Gophers face tough second half schedule

Minnesota’s top-ranked women’s hockey team would be wise to take advantage of its month-long break from competition.

Because once play resumes, the team will have a challenging stretch of games on tap.

The squad faces four ranked teams during the first six weeks of play after break, including second-ranked Dartmouth.

“Everyone knows that we have a tough road ahead of us and a tough schedule,” sophomore Natalie Darwitz said. “We know the second half of the season is the most important because that’s when teams start to gel and play well together.”

The average winning percentage for teams on Minnesota’s second half schedule during the first eight weeks of play is .644. If a struggling Bemidji State squad is excluded from that number, the average winning percentage of the opposition jumps to .725.

All this after an extended break from practice, but the Gophers feel the layoff will do some good.

“It’s always great to have this break because it’s such a long season, and you have the physical fatigue and mental fatigue from starting back in September,” coach Laura Halldorson said. “Hopefully everyone will come back refreshed and ready to go. It’s hard not to be motivated when you know you’re first opponent is UMD.”

Minnesota heads to Duluth to take on the three-time defending champion Bulldogs in the first weekend of play in the second semester. The Gophers have dropped four of their last five games against Duluth and trail the all-time series 7-9-3.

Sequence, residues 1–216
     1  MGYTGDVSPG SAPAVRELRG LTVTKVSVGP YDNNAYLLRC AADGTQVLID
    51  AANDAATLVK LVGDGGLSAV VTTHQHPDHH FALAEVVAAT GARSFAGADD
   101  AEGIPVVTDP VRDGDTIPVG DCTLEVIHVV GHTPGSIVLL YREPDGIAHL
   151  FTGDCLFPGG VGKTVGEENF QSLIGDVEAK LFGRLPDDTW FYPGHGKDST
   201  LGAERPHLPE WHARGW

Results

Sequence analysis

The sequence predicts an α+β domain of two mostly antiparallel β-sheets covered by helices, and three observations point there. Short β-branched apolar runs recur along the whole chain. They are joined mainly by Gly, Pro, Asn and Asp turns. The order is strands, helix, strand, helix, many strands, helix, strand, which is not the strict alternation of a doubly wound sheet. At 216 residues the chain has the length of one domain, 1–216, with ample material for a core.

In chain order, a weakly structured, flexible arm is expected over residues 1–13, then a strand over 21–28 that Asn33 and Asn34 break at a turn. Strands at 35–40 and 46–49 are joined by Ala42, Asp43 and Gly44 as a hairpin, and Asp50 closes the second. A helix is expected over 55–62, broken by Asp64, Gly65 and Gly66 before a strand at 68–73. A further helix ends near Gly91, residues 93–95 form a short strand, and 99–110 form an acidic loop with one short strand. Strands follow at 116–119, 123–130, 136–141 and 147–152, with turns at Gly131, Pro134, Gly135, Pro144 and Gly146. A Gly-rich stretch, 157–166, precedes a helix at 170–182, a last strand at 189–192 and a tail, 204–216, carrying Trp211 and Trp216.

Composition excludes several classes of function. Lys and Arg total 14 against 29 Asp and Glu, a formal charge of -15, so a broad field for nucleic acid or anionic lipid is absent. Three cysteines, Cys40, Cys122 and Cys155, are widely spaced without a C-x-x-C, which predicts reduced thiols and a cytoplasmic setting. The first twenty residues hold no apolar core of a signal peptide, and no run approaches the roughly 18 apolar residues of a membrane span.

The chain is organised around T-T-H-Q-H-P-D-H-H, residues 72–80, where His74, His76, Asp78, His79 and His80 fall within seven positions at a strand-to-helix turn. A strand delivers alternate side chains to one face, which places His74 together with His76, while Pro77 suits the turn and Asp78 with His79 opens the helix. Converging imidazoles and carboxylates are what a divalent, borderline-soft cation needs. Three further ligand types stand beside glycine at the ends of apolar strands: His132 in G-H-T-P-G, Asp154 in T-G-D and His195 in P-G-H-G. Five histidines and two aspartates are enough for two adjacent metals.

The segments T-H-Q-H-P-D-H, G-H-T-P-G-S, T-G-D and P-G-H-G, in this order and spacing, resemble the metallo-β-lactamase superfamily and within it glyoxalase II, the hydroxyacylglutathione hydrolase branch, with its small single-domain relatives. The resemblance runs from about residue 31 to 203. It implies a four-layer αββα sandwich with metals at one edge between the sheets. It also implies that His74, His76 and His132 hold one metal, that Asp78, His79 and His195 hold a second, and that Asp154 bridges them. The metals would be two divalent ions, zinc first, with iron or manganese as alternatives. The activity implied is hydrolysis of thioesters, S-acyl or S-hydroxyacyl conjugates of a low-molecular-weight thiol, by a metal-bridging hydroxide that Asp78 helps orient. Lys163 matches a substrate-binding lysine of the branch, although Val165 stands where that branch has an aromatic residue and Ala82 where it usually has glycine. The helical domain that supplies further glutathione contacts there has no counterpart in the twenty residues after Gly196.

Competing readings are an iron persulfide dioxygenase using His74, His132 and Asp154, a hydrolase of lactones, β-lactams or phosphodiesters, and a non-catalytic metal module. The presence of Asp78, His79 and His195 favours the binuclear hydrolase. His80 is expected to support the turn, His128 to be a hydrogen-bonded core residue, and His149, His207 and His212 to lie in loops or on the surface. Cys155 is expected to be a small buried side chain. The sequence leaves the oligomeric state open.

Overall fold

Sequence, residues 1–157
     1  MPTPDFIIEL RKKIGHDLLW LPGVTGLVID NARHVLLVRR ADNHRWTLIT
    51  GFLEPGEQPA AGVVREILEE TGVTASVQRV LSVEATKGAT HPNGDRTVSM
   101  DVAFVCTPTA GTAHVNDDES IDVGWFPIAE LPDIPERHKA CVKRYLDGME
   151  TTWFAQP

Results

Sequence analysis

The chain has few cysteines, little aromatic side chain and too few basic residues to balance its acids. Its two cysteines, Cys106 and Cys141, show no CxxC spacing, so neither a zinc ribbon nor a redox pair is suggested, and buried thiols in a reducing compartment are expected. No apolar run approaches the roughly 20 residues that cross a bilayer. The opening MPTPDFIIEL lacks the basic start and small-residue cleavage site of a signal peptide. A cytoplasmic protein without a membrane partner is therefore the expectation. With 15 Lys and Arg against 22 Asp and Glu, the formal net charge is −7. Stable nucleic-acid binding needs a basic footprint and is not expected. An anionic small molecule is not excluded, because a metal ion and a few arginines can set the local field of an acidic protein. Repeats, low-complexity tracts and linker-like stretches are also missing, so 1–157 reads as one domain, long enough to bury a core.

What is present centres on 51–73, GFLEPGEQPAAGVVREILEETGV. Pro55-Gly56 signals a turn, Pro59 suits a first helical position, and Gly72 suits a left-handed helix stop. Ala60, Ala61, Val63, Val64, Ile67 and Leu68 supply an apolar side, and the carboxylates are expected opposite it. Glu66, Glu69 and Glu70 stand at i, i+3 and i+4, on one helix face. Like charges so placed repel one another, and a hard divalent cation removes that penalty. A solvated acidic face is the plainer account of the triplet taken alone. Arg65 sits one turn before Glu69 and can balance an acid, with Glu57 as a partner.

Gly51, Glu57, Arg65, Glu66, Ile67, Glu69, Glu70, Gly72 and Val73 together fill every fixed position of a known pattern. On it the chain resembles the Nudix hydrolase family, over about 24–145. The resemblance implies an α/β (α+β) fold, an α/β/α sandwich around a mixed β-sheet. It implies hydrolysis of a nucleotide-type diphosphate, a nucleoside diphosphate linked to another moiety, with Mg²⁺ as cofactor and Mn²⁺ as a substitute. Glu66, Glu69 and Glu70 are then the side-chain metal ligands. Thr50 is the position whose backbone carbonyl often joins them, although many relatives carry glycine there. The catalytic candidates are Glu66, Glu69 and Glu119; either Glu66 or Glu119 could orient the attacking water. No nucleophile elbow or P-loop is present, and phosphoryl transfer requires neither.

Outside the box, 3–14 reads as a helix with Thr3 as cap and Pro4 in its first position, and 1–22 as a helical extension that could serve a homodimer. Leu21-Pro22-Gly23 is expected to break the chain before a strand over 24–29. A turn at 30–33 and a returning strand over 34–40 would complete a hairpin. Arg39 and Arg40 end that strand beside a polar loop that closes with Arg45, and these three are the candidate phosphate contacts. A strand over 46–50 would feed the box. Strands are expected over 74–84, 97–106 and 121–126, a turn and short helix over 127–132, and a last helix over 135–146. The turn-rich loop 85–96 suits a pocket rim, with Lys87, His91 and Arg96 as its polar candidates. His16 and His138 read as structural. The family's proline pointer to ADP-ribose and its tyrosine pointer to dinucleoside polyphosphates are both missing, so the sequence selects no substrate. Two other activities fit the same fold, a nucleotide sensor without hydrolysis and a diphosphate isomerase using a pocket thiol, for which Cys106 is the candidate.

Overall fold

While there is incentive for the tough second-semester stretch, the first half of play was less than demanding for the Gophers.

The average winning percentage of first-half opponents was .447, including three teams south of the .250 mark.

“The first semester is always about building, so it’s probably good to maybe not play the top teams right away,” junior forward Kelly Stephens said. “At the same time, second semester is going to be really hard and exciting.”

A weaker first half gave the Gophers a chance to find their rhythm and work on their offense without facing excessive pressure.

That learning will be put to the test in the second part of the season, and Minnesota is looking forward to having a grueling stretch of games.

“It’s going to be a real tough second half of the year, no question,” Halldorson said. “I do think it will be good to have some close games when we get back to see where we are.”

The Gophers want to use the increased competition to assess their squad.

“It can give you a realistic gauge,” Stephens said. “We’ve been doing well, but our strength of schedule has not been that strong.”

Minnesota also has to manage short-term and long-term goals as the team prepares for the stretch run toward the postseason. But the team knows it has to keep its focus on the task ahead.

“You can’t think about March before Duluth and Dartmouth because if you don’t beat those guys, you might not be going,” Darwitz said. “It’s a real easy solution: Don’t think about the long term.”

Minnesota enters the break in control of its own destiny, undefeated at the top of the conference and rankings. But the Gophers will have to hit the ice with intensity to keep their momentum.

“We’ve played real hard this year so far, and the challenge will be to continue to work on being consistent and prepared,” Halldorson said. “It will be great to face some of the teams we have on our schedule in the second half.”

The Gophers’ last mandatory practice of the semester was Thursday. The team will have voluntary practice during finals week and resume practice Jan. 2.

National news

Five current Minnesota skaters have been named to the 36-player roster announced for the 2004 U.S. Women’s National Team training camp.

Stephens, Darwitz, sophomore forward Krissy Wendell, freshman defender Lyndsay Wall and junior goaltender Jody Horak will attend the six-day camp from Dec. 27 to Jan. 1 at the Colorado Springs World Arena.